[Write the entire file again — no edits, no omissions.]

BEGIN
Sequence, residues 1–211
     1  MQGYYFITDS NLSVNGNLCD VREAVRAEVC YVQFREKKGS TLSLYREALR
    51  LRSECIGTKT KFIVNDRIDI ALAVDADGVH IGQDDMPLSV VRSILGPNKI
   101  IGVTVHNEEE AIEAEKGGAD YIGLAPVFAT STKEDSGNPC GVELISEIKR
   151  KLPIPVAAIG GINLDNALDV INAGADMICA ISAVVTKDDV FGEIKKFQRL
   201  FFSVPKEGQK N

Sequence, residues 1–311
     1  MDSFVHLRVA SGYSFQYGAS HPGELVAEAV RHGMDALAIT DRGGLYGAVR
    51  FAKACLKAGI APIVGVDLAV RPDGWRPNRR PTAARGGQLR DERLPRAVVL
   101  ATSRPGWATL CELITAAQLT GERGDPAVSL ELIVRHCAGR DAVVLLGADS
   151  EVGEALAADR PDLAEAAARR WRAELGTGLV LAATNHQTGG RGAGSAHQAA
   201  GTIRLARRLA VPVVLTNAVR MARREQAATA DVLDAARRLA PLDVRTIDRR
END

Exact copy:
Sequence, residues 1–211
     1  MQGYYFITDS NLSVNGNLCD VREAVRAEVC YVQFREKKGS TLSLYREALR
    51  LRSECIGTKT KFIVNDRIDI ALAVDADGVH IGQDDMPLSV VRSILGPNKI
   101  IGVTVHNEEE AIEAEKGGAD YIGLAPVFAT STKEDSGNPC GVELISEIKR
   151  KLPIPVAAIG GINLDNALDV INAGADMICA ISAVVTKDDV FGEIKKFQRL
   201  FFSVPKEGQK N

Sequence, residues 1–311
     1  MDSFVHLRVA SGYSFQYGAS HPGELVAEAV RHGMDALAIT DRGGLYGAVR
    51  FAKACLKAGI APIVGVDLAV RPDGWRPNRR PTAARGGQLR DERLPRAVVL
   101  ATSRPGWATL CELITAAQLT GERGDPAVSL ELIVRHCAGR DAVVLLGADS
   151  EVGEALAADR PDLAEAAARR WRAELGTGLV LAATNHQTGG RGAGSAHQAA
   201  GTIRLARRLA VPVVLTNAVR MARREQAATA DVLDAARRLA PLDVRTIDRR